Report: Service King opens talks with creditors about restructuring debtBy on
Announcements | Business Practices
The Wall Street Journal reported Wednesday that Service King has begun talks with creditors about restructuring the company’s debt, with a Chapter 11 bankruptcy filing among the possibilities.
The WSJ cited unnamed “people familiar with the matter” in its report. They told the Journal that lenders in the company’s $775 million term loan have signed nondisclosure agreements with the company to begin negotiations ahead of a debt maturity due in July.
Writers Alexander Saeedy and Alexander Gladstone said they were told that the restructuring plans could change and that there is a possibility that the company will be able to restructure its debts out of court.
Blackstone, Service King’s majority owner since 2014, declined to comment on the report. Service King did not reply to an email from RDN.
The privately held company projected earnings of around $125 million for 2021 when it refinanced some of its debt last January, but it ended up losing money over that period, the WSJ reported.
In a Jan. 24 announcement of the hiring of airline executive Peter Hunt as its new chief financial officer (CFO), Service King mentioned the “current environment of labor shortages and supply chain disruption” the business is experiencing.
The “vast majority” of Service King’s revenue comes from its agreements with national and major insurance carriers, according to Moody’s Investors Service.
Service King has warned its lenders that it is running out of cash and may not be able to repay debt, endangering its ability to remain in business, Bloomberg News reported on Nov. 17.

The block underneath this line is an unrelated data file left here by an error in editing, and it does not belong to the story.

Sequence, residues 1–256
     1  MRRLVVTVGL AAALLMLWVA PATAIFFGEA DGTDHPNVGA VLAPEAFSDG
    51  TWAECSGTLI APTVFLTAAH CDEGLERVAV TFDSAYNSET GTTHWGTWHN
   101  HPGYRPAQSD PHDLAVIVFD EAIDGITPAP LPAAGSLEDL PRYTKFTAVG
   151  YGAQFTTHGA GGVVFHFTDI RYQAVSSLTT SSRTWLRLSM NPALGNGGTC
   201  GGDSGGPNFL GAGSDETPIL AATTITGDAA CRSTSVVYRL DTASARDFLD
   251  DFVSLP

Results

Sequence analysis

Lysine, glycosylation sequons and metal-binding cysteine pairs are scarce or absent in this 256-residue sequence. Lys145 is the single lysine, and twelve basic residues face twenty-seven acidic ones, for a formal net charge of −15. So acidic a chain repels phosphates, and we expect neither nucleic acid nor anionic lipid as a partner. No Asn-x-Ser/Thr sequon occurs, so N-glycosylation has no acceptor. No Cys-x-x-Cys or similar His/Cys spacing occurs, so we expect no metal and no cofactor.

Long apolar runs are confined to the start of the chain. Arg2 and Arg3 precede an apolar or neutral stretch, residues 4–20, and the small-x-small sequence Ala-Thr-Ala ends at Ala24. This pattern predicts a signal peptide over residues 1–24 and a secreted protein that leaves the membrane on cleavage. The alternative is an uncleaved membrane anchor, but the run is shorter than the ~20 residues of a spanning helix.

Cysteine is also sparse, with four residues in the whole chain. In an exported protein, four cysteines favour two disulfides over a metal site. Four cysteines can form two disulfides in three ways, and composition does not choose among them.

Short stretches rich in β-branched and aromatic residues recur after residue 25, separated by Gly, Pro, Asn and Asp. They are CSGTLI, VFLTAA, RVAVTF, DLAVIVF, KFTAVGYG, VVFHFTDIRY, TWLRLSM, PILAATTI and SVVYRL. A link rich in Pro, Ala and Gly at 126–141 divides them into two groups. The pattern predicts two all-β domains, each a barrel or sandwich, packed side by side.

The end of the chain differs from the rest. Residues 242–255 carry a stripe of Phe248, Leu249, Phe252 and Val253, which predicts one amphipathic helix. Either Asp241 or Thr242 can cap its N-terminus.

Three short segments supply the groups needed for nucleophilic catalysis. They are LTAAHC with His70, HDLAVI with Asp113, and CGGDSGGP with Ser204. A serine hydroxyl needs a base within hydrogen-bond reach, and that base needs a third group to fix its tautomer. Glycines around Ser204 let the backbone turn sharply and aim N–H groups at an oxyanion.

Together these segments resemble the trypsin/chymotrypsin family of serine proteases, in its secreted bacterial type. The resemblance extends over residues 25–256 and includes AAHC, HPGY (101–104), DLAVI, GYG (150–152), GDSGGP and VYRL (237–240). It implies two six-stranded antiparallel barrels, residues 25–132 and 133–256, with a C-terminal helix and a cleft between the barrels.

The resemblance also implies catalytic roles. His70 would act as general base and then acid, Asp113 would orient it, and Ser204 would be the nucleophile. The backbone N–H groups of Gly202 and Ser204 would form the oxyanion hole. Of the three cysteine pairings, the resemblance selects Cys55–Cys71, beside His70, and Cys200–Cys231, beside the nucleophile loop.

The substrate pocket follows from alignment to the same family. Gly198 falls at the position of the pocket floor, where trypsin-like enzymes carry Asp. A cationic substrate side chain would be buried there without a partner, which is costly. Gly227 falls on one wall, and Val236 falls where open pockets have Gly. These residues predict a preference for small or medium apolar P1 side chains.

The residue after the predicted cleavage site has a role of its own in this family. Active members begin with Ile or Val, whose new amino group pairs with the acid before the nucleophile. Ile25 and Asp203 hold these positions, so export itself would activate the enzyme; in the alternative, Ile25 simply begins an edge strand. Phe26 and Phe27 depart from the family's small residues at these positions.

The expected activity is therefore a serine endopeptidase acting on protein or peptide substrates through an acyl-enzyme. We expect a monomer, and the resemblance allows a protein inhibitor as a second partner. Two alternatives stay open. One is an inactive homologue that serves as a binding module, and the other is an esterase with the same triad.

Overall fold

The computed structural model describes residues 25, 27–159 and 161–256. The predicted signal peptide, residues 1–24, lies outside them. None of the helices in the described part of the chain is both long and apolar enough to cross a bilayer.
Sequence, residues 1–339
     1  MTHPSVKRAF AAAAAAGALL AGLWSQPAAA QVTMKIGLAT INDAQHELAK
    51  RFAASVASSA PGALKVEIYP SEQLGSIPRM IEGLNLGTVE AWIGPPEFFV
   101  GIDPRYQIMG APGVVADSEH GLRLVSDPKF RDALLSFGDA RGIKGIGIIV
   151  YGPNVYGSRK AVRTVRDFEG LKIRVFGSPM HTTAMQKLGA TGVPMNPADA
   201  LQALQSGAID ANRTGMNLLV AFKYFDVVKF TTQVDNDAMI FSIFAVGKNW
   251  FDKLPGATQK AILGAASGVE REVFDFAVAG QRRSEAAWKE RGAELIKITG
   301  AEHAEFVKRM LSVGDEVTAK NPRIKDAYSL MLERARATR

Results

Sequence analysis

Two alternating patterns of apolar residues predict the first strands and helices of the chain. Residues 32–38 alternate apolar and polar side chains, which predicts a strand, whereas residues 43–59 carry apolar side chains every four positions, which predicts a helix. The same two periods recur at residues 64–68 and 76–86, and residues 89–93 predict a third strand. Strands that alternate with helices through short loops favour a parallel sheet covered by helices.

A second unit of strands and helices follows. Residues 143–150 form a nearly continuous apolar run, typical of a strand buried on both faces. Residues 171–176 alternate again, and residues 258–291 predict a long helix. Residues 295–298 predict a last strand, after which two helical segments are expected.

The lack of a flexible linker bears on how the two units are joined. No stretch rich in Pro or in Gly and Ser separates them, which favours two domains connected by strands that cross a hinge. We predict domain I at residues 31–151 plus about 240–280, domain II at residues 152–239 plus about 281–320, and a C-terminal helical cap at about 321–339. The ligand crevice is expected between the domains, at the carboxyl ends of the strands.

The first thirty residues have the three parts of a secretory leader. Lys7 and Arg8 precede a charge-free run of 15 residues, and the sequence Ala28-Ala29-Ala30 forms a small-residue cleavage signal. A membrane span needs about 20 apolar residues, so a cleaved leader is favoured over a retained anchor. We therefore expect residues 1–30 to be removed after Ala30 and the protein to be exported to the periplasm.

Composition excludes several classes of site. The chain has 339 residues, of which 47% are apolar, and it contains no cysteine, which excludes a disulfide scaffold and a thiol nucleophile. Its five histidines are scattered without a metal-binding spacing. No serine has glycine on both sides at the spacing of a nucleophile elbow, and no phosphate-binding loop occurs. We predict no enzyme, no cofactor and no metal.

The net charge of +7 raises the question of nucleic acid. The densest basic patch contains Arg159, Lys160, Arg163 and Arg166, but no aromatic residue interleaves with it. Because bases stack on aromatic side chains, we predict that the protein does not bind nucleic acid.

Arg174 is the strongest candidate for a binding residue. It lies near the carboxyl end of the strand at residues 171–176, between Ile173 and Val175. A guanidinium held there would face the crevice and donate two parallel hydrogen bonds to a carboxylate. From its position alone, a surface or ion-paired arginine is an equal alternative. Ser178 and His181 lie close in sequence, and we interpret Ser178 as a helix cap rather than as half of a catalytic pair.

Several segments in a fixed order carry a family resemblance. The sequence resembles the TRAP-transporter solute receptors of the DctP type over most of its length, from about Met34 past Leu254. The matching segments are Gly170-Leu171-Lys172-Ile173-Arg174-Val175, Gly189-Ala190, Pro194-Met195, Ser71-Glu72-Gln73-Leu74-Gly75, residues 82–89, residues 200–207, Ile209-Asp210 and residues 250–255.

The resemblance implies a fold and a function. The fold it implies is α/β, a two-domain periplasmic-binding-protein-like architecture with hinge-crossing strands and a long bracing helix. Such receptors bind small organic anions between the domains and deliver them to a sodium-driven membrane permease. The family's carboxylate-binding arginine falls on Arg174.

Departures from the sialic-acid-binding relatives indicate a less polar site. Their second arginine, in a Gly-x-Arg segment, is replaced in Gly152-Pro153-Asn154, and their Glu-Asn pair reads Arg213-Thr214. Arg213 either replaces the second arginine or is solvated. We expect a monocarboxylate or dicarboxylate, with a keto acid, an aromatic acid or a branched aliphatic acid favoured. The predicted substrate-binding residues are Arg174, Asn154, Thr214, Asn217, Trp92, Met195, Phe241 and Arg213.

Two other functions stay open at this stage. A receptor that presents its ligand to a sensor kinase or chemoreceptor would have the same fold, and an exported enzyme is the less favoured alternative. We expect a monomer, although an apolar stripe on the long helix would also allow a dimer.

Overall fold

Citing unnamed sources familiar with the company’s most recent financial results, Bloomberg reported that the company had $31 million in cash as of the third quarter, after drawing $72 million on its revolving credit facility and hitting its borrowing limit.
On Sept. 27, Moody’s downgraded all ratings of Midas Intermediate Holdco II, LLC (doing business as Service King), to Caa3 from Caa1, which is considered of poor standing and very high risk.
Moody’s cited the company’s “weak liquidity,” and its need to reduce its bonds outstanding to below $135 million to avoid triggering a call on its loan beginning June 1.
A recent ratings review by Moody’s found that Service King’s “credit metrics … remain weak even after considering the impact of COVID-19 related expenses.”
“These risks well outweigh Service King’s solid market position in the highly fragmented collision repair sub-sector, and its mutually-beneficial relationships with national and major insurance carriers which represents the vast majority of revenue,” Moody’s said.
The bond credit rating business said that its review does not announce a ratings change, and is not an indication that a change is likely in the near future.
Service King is working with financial adviser PJT Partners Inc. and law firm Kirkland & Ellis as restructuring advisers, while lenders are advised by law firm Gibson Dunn & Crutcher LLP, the Journal said. Bondholders have engaged Paul Weiss Rifkind Wharton & Garrison LLP and Houlihan Lokey Inc.
Hunt appears to be stepping into a challenging situation. In announcing his hiring, Service King CEO David Cush said in a statement, “Having worked closely alongside Peter for seven years at Virgin America, I’m confident that his extensive experience will drive Service King’s success and give our organization some new tools in its toolbox.”
Hunt’s background “includes developing strategic direction, leading operations and managing financial organizations for publicly traded commercial airlines such as Virgin America and Pinnacle Airlines, where he served as CFO; Alaska Air Group, where he was President and COO of the Virgin America subsidiary, all after getting his start in the Finance organization at Continental Airlines,” Service King said in a statement.
Hunt is responsible for managing all aspects of financial leadership including accounting, tax, financial planning and analysis, and capital structure. He assumed his new role on Feb. 4.
Report: Service King warns lenders it may not be able to pay debt
Featured image: Service King’s logo. (Provided by Service King)